And there are free speech--
And so it's a distortion of what's happening on college campuses today.
--throughout the Ivy League and elsewhere and the elite schools, there are free speech mandates really to permit these speakers. It is, as Heather points out, just the sort of the outliers who get focus.
Then later -our president of the UC Regents:
"GOV. JERRY BROWN: It happened because the global economy is changing. America is losing manufacturing jobs both to foreign countries, but also to technology, automation, innovation, and all of that. So we're going through a real transition. If you look at democratic countries around the world, whether it's South Korea or Brazil or in Europe, there's a lot of discontent.
And that discontent is because, I believe, that the foundations, the very basis of our expectations, particularly working people, people in the middle class, people in more vulnerable positions, highly insecure. And what do you do about that? They're skeptical of more government because governments in power have been presiding while people's life chances have deteriorated.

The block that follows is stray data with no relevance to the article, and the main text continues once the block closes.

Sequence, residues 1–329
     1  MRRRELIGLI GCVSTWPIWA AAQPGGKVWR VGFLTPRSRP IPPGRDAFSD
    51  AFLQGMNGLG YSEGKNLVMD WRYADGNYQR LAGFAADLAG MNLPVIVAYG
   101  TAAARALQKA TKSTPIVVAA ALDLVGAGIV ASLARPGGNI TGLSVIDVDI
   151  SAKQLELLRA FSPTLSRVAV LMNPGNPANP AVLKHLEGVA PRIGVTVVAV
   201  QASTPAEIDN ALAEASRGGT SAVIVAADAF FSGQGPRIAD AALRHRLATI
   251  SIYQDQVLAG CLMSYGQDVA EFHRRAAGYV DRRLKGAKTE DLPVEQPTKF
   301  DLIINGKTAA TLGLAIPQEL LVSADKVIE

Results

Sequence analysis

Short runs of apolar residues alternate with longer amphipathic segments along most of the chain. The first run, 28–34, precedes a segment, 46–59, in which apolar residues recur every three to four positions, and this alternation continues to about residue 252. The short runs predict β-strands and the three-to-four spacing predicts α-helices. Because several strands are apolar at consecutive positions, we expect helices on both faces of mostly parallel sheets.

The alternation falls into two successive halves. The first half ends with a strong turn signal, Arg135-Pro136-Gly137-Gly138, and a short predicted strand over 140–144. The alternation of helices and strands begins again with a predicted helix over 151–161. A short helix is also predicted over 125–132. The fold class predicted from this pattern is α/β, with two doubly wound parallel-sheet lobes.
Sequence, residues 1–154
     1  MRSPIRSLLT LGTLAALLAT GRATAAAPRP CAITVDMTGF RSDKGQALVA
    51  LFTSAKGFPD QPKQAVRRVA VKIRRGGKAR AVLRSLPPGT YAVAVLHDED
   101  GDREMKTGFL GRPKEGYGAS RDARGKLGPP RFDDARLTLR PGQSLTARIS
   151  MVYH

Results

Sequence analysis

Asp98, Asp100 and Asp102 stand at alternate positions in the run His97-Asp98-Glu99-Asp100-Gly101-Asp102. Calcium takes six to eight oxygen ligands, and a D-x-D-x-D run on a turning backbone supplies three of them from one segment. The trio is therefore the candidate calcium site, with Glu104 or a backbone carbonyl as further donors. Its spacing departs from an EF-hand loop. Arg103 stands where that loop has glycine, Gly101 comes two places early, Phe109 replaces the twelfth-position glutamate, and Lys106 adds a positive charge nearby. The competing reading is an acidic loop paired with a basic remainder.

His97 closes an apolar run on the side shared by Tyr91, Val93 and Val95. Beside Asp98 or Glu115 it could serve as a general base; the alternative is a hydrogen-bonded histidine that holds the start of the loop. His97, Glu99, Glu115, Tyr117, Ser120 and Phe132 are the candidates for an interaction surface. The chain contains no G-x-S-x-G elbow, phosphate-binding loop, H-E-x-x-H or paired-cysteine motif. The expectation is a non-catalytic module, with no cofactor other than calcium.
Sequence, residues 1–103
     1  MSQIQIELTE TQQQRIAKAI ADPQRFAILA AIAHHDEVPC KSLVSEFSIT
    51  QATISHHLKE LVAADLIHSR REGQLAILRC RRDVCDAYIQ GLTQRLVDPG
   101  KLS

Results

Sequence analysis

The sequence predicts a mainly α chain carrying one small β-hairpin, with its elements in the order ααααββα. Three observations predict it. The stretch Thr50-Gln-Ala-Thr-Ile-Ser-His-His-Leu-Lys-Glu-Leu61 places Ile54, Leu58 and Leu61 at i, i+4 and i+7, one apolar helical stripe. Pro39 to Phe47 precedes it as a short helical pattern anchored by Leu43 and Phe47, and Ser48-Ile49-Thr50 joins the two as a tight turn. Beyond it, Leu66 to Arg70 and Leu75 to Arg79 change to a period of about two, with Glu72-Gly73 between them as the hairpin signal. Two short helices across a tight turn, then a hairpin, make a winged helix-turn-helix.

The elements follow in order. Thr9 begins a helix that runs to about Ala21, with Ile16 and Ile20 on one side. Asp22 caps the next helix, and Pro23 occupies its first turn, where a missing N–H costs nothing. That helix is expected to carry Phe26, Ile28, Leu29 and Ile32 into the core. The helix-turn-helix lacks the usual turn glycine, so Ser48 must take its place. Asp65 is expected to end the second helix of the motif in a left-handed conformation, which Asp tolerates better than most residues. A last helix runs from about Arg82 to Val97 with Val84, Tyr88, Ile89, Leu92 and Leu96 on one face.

In America, college education has gone from essentially free to now we have a trillion dollars of debt. Home prices are out of the reach of many people. And jobs, downward mobility, insecurity, and all the rest of it. This is a global phenomenon, and Democrats have been the champion of working people, and they haven't been able to deliver in face of these global trends. And, yes, you'd have to say that leadership has not been clever enough, or strong enough, or perhaps visionary enough."
Let's get some 'visionary'...
More coverage of intl angle, see:
remember it's tie in to domestic angle too:
"Still, Sanders’ bill sets the stage for a larger debate over drug pricing, particularly because it targets federal agencies as well as nonprofits funded by federal grants. If such a law were in place, the government would have more power to regulate major new technologies like CRISPR, the gene-engineering technique that, according to reports this month, has been used to edit a human embryo.